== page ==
Germany removes spymaster from his post over far-right violence row

Merkel To Fire Domestic Intelligence Chief Who Questioned Chemnitz ‘Migrant Hunt’ Narrative		Carsten Koall  Getty 18 Sep 2018

Merkel To Fire Domestic Intelligence Chief Who Questioned Chemnitz ‘Migrant Hunt’ Narrative Carsten Koall Getty 18 Sep 2018

Angela Merkel's government on Tuesday removed domestic spy chief Hans-Georg Maassen from office, transferring him to a different post to end an explosive row over immigration and the far right that once more rocked the German chancellor's fragile coalition.

German Chancellor Angela Merkel and Hans-Georg Maassen, the president of Germany's domestic security agency, in Cologne, Germany, on October 31, 2014.

Hans-Georg Maassen will become a senior official at the interior ministry once he leaves the BfV agency, the government said in a statement on Tuesday.

Mrs Merkel's junior coalition partners, the Social Democrats, had demanded Mr Maassen be removed, while the controversial conservative interior minister Horst Seehofer - now his direct boss - backed him.

Leading opposition figures were scathing about how Mrs Merkel dealt with Mr Maassen.

"Interior minister Horst Seehofer has high regard for Mr Maassen's abilities on questions of domestic security, but he will not be responsible for the BfV within the ministry".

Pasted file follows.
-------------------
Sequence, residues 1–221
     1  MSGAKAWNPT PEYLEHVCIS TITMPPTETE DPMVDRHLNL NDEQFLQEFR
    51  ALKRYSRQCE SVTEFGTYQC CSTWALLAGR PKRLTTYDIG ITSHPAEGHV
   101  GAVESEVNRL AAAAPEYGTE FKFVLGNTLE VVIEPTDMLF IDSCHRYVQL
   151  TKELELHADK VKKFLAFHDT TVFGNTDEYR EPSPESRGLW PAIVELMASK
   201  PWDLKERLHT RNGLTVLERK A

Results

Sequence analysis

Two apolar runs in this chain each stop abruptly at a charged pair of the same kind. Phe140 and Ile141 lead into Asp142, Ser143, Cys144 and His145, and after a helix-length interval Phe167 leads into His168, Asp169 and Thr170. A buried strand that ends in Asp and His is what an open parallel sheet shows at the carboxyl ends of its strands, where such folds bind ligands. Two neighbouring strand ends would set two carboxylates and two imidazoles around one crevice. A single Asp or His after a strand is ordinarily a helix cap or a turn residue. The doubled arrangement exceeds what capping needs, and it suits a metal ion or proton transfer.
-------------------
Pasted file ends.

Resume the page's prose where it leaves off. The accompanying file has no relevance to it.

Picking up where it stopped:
The deal allows each of the three parties to claim it got what it wanted.

In office since 2012, Maassen has also been criticized for alleged improper contacts with members of the anti-migrant Alternative for Germany, which he denies.

"Maassen is no longer the top spy".

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Dietmar Bartsch, head of the far-left Die Linke, said: "That he has in practice been promoted and that the SPD supports this, is a farce".

"The so-called agreement on Maassen is a joke", Florian Post, an SPD lawmaker in the Bavarian regional assembly, told the RND newspaper group.

Maassen's decision to openly contradict Merkel in an interview with the mass-circulation daily Bild this month appears to have sealed his fate.

The far-right attacks in Chemnitz, which caused revulsion in Germany, were triggered by the fatal stabbing of a man over which police are holding a Syrian suspect and searching for an Iraqi man.

Seehofer has regularly sparred with his conservative ally Merkel on migration since 2015, when he was one of the most prominent critics of her decision to keep open Germany's borders as hundreds of thousands of asylum-seekers trekked across the Balkans.

Maassen, 55, became the centre of a heated controversy after he raised doubts about the veracity of reports of far-right hooligans and neo-Nazis randomly attacking immigrants in the eastern city of Chemnitz in late August.

That decision has also been blamed for fueling the rise of the AfD, which became the largest opposition party after an election a year ago that weakened both Merkel's conservatives and the SPD.

On Tuesday the AfD said removing Maassen as head of the BfV agency posed a threat to national security.

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